The Process of Peer Mediation

Every school or college using a peer mediation process will probably have a slightly different formal process that it uses.

However, if you are acting informally as a peer mediator, whether as a child or as an adult, you may want a process to follow to ensure that the situation remains fair.

Our page on Mediation Skills sets out a process for a formal mediation, but this is probably too complex.

You may wish instead to use a more informal process such as this:

At the Start

Get the participants to agree some ground rules for the process.

For example, say something like “I think it might help to talk this through more calmly, and I’m very happy to help with that. May I suggest that we agree that we will take it in turns to speak, and not interrupt each other?” If you have been asked to help by one or both parties, you might also like to explain that you are taking a neutral role.

Understanding the Situation

The next stage is to get both participants to set out their stories, giving each of them time to speak without the other interrupting.

Use questioning and clarifying to make sure that you have the situation straight. After each person has set out their position, summarise what they have said to check that you, and the other person, have understood correctly. You may wish to include a statement of the emotions that they are feeling (for example, “I can see that you’re feeling very angry about this, and I hope that this discussion will help with that”), as recognising and naming emotions is very powerful for those involved.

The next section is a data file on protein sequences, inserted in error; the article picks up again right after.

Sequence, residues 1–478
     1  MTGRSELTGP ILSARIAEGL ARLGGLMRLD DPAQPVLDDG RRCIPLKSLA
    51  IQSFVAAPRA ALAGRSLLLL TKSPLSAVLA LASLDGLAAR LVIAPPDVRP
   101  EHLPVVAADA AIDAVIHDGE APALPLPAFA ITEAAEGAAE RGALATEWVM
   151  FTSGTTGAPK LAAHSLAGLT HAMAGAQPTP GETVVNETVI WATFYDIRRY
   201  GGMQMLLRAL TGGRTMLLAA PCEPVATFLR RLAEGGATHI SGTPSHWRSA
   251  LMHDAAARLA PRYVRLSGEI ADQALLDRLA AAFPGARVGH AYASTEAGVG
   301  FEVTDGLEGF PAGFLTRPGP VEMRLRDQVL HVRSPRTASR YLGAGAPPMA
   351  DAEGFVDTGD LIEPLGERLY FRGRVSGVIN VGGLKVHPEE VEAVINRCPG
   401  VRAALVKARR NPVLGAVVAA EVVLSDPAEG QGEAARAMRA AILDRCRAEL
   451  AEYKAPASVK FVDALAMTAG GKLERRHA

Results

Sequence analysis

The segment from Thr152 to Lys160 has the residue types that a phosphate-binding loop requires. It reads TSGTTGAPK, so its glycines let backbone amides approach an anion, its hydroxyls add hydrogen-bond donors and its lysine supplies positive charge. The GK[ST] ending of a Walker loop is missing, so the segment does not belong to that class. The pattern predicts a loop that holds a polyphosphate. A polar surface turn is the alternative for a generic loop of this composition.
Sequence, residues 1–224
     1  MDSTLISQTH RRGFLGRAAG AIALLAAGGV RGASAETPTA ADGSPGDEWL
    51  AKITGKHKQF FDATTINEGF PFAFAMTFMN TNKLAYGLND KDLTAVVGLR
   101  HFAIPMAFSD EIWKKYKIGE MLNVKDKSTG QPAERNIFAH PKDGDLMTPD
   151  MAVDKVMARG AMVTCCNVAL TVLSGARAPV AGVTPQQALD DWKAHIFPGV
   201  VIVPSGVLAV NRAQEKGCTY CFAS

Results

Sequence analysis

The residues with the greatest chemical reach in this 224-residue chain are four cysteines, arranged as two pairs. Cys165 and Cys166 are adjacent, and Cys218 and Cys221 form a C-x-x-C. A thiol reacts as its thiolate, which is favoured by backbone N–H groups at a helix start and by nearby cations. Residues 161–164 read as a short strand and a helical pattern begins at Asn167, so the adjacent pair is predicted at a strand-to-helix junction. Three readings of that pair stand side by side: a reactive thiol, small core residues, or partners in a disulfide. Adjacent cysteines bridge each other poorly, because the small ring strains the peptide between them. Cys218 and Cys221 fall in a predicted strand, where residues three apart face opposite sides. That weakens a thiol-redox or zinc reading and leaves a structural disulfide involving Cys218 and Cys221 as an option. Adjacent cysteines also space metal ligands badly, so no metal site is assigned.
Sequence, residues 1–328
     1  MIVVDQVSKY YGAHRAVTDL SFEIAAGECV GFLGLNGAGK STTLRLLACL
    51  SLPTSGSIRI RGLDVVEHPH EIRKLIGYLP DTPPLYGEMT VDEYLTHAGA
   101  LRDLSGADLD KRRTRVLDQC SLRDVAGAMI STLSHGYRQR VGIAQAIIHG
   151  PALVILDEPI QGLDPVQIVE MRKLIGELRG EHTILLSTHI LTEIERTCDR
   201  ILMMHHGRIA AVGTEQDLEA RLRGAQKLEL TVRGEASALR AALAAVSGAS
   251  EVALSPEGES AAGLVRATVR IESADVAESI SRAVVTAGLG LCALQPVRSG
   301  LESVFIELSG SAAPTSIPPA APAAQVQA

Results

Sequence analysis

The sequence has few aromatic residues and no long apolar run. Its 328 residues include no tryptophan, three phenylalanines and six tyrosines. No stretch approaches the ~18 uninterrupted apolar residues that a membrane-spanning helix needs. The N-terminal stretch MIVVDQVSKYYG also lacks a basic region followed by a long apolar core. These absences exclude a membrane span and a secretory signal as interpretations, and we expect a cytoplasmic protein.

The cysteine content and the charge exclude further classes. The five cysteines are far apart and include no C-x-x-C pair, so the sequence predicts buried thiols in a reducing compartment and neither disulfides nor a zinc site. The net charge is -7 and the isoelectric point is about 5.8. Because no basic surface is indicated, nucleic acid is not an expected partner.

Helping the Participants to Look Forward not Back

The key to helping to resolve conflicts is to look forward, rather than back.

‘Back’ takes you to blame and recriminations about what’s happened. ‘Forward’, by contrast, asks the participants to say what they are going to do next, and how they will take their relationship forward. You might, for example, ask each in turn “How would you like to see the situation resolved?”, or “What would be your ideal outcome from this situation?” This may help to demonstrate areas of agreement.

It may be a good option to suggest a break for coffee or a walk outside, especially if the discussion gets a bit heated.

This gives everyone a chance to clear their heads.

Finding Options

The next stage should be to look for options for solutions.

The simplest way is probably to ask both participants what options they can see, and also suggest options yourself. It doesn’t really matter if some of the options are impossible, or downright silly, because the more options, the easier it is to identify good ones, and then move to an agreement.

You can help the participants to move to an agreement by noting areas of common ground, and suggesting where they are coming together. You should also use paraphrasing and clarifying to make sure that everyone has understood the terms of the agreement that they seem to be reaching.

Not my problem, guv!

It is important to remember that the problem or situation must remain ‘owned’ by the participants, as must the solution or agreement.

It is not your problem as mediator, you are simply helping them to solve it.

For more about this, you may be interested in our pages on What is Coaching? and Facilitation Skills, as both those processes are similar in style.